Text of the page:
What’s your favorite kind of music?
I really like a lot of different stuff. I have a pretty specific approach to finding new music and I honestly listen to 5-8 new releases a week. On Friday nights, after the new music comes out, I’ll generally look at AllMusic Guide (insider tip) for any four-star albums to add to my “To Listen To” Spotify playlist. Same goes for Pitchfork “8+ Reviews”, Paste Mag (whose review structure categories are the worst), Stereo Gum, and whatever I come across on Reddit.
I am generally opposed to algorithms for listening materials because I think it narrows exposure to different things and I want to be in charge of the art I experience. So I’ll listen to those 8 or so albums 2-3 times a week and delete them from that list if they suck, or I’ll add them to my Best of [Year] playlist.
I guess a better question to ask is, “What’s your favorite [insert genre] record this month?” I listen to country, indie, jazz, even some classical. But I also generally only listen to full albums. I have a list of favorite songs, sure, but I want the full experience of hearing an album from start to finish. It’s the difference between reading a tweet of a news story and reading the full story. Hearing the singles is like getting your news from the headlines versus engaging with the full story. I’m looking for that deeper level of engagement from anything worth my time.
What are some of your favorite books?
I can’t say favorites. It’s just too hard. Right now I’m reading a couple of westerns. I’m reading Lonesome Dove and Blood Meridian. I’m also looking at Fight Club, which I generally don’t like Chuck Palaniuk, but I’m interested in learning the mechanics of fiction and a writer pal told me I should read him. It’s the first paperback I’ve read in awhile — usually I read on a Nook device and so I’m really loving the dog ear and crinkly page turning part...
What do you like to do outside of the office?
I'm always going to be exploring art and deconstructing it to figure out how I can make my own work better, so it's always going to be around that. That's what drives me to unpack music, movies and even photography. I like taking photos, writing my food blog, and cooking.
I recently got some cheap “point and shoot” film cameras from the 80’s and 90’s and so I’m currently falling back into love with photography, which had gotten stale to me in the digital medium.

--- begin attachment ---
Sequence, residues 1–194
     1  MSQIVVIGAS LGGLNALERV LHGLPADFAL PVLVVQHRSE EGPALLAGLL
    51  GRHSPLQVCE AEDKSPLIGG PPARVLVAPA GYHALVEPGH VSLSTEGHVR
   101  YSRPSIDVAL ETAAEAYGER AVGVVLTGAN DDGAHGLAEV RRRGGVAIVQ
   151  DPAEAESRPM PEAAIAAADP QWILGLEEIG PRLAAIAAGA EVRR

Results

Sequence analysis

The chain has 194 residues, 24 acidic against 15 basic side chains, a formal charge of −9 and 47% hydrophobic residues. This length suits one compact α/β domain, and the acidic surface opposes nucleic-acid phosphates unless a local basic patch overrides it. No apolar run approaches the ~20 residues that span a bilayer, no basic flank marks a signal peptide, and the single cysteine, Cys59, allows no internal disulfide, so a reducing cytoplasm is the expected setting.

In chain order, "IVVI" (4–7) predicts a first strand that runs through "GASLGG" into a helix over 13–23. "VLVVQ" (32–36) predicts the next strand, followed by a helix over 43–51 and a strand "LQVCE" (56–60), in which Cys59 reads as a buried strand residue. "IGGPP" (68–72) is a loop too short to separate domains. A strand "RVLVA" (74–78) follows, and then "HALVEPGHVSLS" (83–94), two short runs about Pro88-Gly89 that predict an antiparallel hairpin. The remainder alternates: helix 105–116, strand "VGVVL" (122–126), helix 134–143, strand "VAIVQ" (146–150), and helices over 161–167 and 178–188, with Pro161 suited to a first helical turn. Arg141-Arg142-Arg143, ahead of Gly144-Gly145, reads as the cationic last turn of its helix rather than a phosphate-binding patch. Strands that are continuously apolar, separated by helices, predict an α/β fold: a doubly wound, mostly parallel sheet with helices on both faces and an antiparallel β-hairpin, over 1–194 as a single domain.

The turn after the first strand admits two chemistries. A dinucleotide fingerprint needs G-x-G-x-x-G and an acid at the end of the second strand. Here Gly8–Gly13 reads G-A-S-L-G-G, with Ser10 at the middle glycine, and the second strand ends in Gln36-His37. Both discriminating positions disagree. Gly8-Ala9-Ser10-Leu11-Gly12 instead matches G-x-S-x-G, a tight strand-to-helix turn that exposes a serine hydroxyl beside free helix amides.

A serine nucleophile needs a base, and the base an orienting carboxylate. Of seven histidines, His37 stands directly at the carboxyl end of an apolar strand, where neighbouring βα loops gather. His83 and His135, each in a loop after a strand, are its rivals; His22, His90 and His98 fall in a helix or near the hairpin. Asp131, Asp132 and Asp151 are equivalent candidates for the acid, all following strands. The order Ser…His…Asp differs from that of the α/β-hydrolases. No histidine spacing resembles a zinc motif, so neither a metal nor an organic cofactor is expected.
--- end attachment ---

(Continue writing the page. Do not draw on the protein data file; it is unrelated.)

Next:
Shooting film is a denial of the instant gratification you get when you shoot digital and there’s something that feels more important about it. I’m still taking dumb shots of a french fry or something on my phone… but that detritus is now separate from the moment I caught of my daughter noticing our dog for the first time. One will be deleted the next time I upgrade my phone, and one will live on, on real paper and I’ll hand it to her one day and say, “Here’s when you noticed your dog for the first time.” And of course that’s only true if I actually captured that moment — I won’t know until I send it off for development. There’s something at stake in that and it’s kinda refreshing. But in a way it makes that moment tangible, too. And since it’s not on the phone, it separates it and elevates it from so much drivel.
Tell us more about your interest in food.
I have a food blog at icamehereforthefood.com. I generally try to write on that once or twice a month. I have a couple of blogs and a newsletter. I generally consider them arenas for “practice.” The food blog especially so. I do review food there, but more interestingly to me is the sort of cultural critique element of it. I have found food, thanks to the influence of Anthony Bourdain (r.i.p.), as an avenue to think and write about anything in life. It’s an exercise in subversiveness. Also with an element of everyman curiosity. I recently wrote about Braum’s because Lubbock opened several new ones that have been attracting multitudes. What does that say about the state of things? Lol.
What is something not everyone knows about you?
- I play guitar. I brew beer and Kombucha.
- A book I ghost-wrote recently got picked up by an agent and published and the “author” has been on a few podcasts and radio shows for it.
- I rode a Greyhound bus to Wyoming a few years ago and went backpacking for eight days.
- I almost got my major in economics, which means I'm about eight credits away from not ever getting to know anyone at Primitive.
- I used to read my dad’s Tom Clancy and Michael Crichton books in like the 4th grade. I barely understood any of it, but I finished them and loved using the dictionary and context clues to try to gain understanding.
Who do you admire?
My wife – hard. Having a baby just really opens your eyes to the pure bossness women possess. And I’m not saying I never knew it before, but having a child peels back a whole new beautiful layer and It’s impossible to have seen that any other way. Just witnessing the patience and endurance and the tenderness; it’s superhuman.
What is your secret to success?
Am I successful? What is success?
This question assumes a lot, but...I just keep showing up.